Intravenous vitamins and minerals for fibromyalgia.
|Article Type:||Brief article|
(Care and treatment)
Minerals in nutrition (Health aspects)
Minerals in nutrition (Research)
Minerals in the body (Health aspects)
Minerals in the body (Research)
Vitamins (Health aspects)
|Author:||Gaby, Alan R.|
|Publication:||Name: Townsend Letter Publisher: The Townsend Letter Group Audience: General; Professional Format: Magazine/Journal Subject: Health Copyright: COPYRIGHT 2008 The Townsend Letter Group ISSN: 1940-5464|
|Issue:||Date: Feb-March, 2008 Source Issue: 295-296|
|Topic:||Event Code: 310 Science & research|
|Product:||Product Code: 2834710 Vitamin Preparations; 2834700 Vitamin, Nutrient & Hematinic Preps NAICS Code: 325412 Pharmaceutical Preparation Manufacturing SIC Code: 2834 Pharmaceutical preparations|
|Geographic:||Geographic Scope: United States Geographic Code: 1USA United States|
Seven patients with treatment-resistant fibromyalgia, with disease
duration of at least eight years, received an intravenous infusion of
nutrients once a week for eight weeks. Each infusion contained 400 mg of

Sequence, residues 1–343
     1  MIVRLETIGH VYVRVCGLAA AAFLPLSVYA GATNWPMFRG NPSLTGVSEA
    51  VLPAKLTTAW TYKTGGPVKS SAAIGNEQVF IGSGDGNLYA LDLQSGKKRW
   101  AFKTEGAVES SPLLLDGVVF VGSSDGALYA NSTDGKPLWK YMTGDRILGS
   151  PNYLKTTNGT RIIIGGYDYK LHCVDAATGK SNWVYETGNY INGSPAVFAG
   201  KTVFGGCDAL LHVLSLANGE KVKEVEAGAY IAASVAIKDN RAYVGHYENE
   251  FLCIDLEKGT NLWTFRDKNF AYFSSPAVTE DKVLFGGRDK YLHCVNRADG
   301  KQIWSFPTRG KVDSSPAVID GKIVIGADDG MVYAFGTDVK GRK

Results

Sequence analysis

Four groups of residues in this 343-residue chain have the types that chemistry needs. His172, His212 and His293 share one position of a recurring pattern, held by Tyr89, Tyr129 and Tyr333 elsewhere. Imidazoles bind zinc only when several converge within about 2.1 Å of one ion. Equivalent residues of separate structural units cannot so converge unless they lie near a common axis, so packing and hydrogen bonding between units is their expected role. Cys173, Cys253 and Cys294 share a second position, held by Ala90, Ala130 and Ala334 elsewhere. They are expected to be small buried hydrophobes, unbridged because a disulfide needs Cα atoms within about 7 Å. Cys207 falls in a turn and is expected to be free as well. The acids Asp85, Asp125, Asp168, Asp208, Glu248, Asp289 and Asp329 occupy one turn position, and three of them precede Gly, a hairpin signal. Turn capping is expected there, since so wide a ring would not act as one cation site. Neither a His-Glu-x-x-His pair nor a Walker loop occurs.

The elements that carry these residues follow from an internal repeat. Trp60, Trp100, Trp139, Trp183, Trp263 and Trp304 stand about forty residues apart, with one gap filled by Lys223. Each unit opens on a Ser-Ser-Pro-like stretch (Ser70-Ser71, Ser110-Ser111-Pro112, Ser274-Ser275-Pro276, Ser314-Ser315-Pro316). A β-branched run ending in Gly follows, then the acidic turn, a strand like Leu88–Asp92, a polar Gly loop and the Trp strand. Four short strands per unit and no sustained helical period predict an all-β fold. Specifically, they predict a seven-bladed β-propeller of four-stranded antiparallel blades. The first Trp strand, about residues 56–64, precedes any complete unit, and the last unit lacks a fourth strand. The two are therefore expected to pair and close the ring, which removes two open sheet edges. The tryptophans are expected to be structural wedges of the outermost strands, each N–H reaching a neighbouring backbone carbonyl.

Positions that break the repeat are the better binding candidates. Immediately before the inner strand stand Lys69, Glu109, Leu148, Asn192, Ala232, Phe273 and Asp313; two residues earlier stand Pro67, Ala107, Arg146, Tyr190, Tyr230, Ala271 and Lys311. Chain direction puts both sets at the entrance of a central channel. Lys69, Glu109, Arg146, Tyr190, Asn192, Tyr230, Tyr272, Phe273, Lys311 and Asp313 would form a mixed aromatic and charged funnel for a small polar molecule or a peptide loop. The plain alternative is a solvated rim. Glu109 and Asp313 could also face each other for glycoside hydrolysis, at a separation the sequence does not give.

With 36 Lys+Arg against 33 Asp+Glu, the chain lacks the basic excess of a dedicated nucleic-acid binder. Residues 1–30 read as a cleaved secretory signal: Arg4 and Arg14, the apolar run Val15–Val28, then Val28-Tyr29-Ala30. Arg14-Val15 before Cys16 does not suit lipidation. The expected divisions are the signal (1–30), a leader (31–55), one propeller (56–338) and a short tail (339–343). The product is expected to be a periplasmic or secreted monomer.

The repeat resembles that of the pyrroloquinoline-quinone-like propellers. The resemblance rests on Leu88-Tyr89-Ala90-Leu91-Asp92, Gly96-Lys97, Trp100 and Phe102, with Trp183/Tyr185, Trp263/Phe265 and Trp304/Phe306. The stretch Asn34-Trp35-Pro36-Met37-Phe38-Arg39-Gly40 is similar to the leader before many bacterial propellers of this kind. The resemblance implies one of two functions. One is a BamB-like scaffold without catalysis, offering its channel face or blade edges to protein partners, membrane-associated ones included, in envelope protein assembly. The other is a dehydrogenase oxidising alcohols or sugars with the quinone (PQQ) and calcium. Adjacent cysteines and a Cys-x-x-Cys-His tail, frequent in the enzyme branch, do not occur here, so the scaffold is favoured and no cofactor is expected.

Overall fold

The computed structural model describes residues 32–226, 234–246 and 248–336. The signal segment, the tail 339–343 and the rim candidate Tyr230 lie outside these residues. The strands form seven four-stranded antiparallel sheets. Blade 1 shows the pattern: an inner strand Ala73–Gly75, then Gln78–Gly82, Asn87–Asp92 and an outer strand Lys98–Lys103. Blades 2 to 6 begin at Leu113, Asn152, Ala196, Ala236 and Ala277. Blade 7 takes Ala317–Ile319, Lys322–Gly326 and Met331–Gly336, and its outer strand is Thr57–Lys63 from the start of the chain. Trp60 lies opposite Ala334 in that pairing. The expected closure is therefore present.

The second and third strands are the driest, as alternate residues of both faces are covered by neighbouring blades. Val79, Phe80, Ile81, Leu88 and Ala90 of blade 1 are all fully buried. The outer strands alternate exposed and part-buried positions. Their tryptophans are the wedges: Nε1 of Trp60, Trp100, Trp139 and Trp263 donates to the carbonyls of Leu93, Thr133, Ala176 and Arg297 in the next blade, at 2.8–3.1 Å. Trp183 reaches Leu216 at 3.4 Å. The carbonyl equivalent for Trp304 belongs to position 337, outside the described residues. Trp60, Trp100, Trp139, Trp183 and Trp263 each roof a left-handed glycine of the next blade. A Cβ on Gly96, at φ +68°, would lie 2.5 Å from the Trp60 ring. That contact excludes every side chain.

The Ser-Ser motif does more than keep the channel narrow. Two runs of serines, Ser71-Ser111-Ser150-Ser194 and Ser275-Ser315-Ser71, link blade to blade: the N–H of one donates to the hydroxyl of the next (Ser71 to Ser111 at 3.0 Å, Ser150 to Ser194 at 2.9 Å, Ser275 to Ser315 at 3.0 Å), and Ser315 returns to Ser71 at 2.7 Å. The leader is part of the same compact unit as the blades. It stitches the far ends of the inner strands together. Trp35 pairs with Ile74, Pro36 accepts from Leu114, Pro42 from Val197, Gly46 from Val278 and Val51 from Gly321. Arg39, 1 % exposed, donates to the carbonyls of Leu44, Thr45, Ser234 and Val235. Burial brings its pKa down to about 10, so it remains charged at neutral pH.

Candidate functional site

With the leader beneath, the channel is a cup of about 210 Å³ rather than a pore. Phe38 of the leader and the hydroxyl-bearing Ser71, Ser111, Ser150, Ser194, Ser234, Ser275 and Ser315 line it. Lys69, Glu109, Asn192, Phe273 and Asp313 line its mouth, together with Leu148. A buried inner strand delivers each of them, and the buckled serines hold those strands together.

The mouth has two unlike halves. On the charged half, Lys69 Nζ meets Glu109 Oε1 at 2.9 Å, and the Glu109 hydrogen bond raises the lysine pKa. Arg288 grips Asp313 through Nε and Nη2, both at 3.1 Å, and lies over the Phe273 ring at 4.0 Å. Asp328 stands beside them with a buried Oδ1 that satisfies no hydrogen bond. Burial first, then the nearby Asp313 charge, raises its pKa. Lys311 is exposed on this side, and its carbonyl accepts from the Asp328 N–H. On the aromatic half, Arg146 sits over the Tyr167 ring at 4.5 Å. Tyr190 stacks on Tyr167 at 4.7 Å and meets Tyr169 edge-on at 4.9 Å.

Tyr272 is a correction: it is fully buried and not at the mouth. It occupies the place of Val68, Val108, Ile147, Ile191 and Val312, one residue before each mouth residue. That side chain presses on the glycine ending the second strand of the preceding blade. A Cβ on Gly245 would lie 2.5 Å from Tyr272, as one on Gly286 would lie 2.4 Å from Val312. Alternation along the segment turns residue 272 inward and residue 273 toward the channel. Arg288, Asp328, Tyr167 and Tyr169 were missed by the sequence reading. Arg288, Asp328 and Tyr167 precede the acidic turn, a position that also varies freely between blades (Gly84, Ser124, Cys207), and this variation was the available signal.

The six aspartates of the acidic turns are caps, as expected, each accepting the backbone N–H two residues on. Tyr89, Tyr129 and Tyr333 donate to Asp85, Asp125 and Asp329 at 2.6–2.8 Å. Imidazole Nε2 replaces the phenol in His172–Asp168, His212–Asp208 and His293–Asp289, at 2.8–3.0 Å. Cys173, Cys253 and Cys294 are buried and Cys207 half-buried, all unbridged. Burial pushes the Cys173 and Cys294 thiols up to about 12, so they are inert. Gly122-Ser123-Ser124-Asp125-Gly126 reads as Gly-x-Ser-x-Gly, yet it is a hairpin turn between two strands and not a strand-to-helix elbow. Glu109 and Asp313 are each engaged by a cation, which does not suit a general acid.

magnesium chloride hexahydrate, 40 mg of calcium gluconate, 3,000 mg of
vitamin C, 1,000 mcg of hydroxocobalamin, 100 mg of pyridoxine
hydrochloride, 250 mg of dexpanthenol, 2 mg of riboflavin, 100 mg of
thiamine, and 100 mg of niacinamide. The nutrients were administered in
100 ml of normal saline over a period of 20-30 minutes. All patients
reported an improvement in pain and fatigue by the second treatment. At
the end of the treatment period, there was a 60% reduction in the mean
pain severity (p = 0.005) and an 80% decrease in the mean level of
fatigue (p = 0.005). No patient reported complete or lasting resolution
of pain or fatigue. No side effects were reported.
Comment: In my experience with approximately 30 fibromyalgia patients given a treatment similar to the one described above, some (perhaps 25%) became pain-free (Gaby AR. Altern Med Rev. 2002;7:389-403.). Most of my patients received more magnesium chloride hexahydrate (800 mg vs. 400 mg) and calcium gluconate (200 mg [2 ml of a 10% solution] vs. 40 mg) in their infusion than did those in the present study. In addition, the usual infusion rate for my patients was five to 15 minutes, depending on their tolerance. In contrast, the patients in the present study received the infusion over 20-30 minutes. While there are risks associated with too-rapid infusion of magnesium and other nutrients, the higher peak serum nutrient concentrations that occur with more rapid administration may result in enhanced cellular nutrient uptake and a greater therapeutic effect in some cases.
Massey PB. Reduction of fibromyalgia symptoms through intravenous nutrient therapy: results of a pilot clinical trial. Altern Ther Health Med. 2007;13(3):32-34.
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